St Philip’s Pottery 1

Posted on: August 9th, 2016 by webfooted

Back Lane/Avon Street, St Philip and Jacob parish.

Summary of operating dates and proprietors

1740-1768 Paul Townsend.
By 1760 he claimed to be incapable of carrying on his trade and from then the pottery may have been run by his son, John Townsend.

The pottery closed.

Paul Townsend became a free gallypotmaker in July 1731 and in 1734 he established and built his ‘mugg-kiln’ in Tucker Street.  The Common Council of Bristol forced him to close that pottery down in December 1738 and he received £50 in compensation.

With that he set up the St Philip’s Pottery 1 in about 1740, its location being given in the rate books as Back Lane, Unity Street and Jacob Street, all being in the Avon Street area.  The property was described as ‘void’ in the poor rate book of September to March 1740 but it was occupied from March 1740 onwards.  Townsend was described as a potter when he took three apprentices between 1741 and 1753, but as a gallypotmaker in the poll books of 1739 and 1754.

In 1760 Townsend petitioned the Mayor and Common Council of Bristol for the post of Exchange Keeper as he was ‘a stone potter, a free burgess of near 60 years of age, now rendered incapable of getting a sufficient competency in his trade’.  However, he was not elected to the post.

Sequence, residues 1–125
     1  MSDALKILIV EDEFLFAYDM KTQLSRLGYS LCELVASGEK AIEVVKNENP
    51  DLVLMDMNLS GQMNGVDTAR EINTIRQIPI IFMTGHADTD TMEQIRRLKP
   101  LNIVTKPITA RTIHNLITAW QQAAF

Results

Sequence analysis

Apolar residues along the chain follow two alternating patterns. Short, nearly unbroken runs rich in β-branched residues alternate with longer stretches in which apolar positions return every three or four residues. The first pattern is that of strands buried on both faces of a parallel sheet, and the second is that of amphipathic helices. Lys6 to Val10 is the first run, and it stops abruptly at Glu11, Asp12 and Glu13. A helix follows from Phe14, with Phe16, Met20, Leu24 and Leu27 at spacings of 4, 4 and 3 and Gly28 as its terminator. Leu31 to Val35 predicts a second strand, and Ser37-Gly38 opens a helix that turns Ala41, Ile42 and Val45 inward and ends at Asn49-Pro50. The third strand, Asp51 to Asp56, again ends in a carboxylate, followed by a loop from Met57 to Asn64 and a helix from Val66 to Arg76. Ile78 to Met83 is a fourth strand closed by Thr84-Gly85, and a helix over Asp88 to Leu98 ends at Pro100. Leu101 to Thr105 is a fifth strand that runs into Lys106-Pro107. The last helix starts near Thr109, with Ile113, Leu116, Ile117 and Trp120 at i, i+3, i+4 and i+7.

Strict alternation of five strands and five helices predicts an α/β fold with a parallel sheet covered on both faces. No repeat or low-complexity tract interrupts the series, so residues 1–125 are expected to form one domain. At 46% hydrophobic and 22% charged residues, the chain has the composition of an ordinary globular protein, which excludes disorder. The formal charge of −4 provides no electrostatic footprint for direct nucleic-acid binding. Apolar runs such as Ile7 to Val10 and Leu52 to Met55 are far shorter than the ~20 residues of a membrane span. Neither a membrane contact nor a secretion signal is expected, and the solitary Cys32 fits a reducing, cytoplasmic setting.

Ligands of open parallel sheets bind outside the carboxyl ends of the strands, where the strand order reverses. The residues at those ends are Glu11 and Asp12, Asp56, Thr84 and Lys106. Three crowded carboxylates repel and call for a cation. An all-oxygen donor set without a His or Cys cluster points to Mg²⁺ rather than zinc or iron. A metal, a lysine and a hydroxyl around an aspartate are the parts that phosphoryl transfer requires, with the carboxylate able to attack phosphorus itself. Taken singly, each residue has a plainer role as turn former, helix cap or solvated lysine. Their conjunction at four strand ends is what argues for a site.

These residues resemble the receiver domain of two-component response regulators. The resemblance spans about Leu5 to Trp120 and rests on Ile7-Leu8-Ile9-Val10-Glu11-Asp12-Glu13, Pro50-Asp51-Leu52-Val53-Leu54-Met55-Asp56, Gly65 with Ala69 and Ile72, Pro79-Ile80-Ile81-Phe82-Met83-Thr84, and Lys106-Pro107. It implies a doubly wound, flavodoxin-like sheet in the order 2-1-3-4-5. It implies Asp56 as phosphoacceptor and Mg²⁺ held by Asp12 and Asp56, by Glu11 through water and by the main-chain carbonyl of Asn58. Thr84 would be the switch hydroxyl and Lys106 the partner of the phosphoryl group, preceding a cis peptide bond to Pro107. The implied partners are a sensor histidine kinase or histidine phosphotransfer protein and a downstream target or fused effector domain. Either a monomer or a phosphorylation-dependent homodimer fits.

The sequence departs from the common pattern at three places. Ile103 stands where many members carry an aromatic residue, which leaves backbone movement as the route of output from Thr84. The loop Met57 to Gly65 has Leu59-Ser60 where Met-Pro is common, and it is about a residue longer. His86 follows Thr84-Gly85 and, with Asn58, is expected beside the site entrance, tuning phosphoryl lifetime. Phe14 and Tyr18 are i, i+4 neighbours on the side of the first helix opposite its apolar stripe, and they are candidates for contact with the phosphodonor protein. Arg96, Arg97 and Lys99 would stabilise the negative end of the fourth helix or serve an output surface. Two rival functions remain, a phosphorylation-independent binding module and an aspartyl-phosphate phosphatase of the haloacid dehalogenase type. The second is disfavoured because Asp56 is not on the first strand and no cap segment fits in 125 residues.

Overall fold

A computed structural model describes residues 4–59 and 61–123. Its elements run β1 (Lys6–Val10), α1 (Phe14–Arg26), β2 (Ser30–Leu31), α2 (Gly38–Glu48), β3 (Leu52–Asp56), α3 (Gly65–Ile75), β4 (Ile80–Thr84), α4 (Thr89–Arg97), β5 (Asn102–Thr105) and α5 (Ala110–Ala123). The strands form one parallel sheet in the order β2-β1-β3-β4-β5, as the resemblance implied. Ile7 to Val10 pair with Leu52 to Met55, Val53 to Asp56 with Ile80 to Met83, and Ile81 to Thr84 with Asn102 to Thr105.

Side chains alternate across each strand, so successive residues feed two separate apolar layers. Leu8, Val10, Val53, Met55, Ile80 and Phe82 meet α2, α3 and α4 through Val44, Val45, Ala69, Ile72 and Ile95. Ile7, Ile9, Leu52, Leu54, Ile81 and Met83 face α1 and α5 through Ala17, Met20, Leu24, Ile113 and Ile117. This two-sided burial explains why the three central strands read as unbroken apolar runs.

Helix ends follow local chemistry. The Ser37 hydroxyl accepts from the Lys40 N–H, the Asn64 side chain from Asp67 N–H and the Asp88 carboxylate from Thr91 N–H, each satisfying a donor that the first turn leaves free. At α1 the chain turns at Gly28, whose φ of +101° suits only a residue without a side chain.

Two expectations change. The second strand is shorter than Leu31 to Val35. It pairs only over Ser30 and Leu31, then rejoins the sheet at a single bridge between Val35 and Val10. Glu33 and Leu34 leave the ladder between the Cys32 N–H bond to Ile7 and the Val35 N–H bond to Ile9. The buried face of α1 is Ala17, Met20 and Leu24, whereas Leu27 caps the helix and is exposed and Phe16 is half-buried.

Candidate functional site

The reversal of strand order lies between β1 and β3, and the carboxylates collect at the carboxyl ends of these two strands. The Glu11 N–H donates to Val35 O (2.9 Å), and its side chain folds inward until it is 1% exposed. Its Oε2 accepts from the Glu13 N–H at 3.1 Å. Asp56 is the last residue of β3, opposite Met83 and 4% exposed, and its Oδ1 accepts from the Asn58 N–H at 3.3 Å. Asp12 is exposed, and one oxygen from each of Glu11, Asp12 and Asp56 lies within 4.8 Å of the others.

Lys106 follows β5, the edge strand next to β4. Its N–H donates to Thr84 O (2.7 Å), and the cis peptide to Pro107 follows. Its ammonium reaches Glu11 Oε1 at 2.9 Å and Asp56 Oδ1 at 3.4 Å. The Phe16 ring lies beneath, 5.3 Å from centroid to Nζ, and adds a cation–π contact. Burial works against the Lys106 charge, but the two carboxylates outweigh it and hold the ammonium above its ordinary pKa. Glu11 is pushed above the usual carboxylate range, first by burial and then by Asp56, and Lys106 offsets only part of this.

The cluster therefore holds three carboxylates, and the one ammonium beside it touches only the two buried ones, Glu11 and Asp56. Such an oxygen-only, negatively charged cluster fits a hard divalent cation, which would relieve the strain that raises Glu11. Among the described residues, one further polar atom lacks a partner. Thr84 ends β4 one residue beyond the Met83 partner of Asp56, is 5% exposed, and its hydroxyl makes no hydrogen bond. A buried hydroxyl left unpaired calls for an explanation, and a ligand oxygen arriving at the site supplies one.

Paul Townsend continued paying rates on the pottery until March 1762, after which date the rates were paid by his son, John Townsend, also a potter, and it seems likely that John was then running the pottery.

In August 1768 the St Philip’s Pottery 1 was advertised to be let or sold and was described as ‘a commodious pot-house situate in Avon Street, St Philip and Jacob.  Lately in the occupation of Paul and John Townsend, who erected a new kiln built of Stourbridge bricks, also a large workhouse and other convenient buildings at a considerable expense … N.B. – a purchaser will be preferred, to whom the working materials and utensils (which are almost new) will be sold very reasonably’.

There is no record of the pottery operating after 1768.

Wares produced

Probably tin-glazed earthenwares initially as Townsend was described as a gallypotmaker in 1739 and 1754, although Paul Townsend described himself as a ‘stone potter’ in 1760, suggesting he was producing stonewares.

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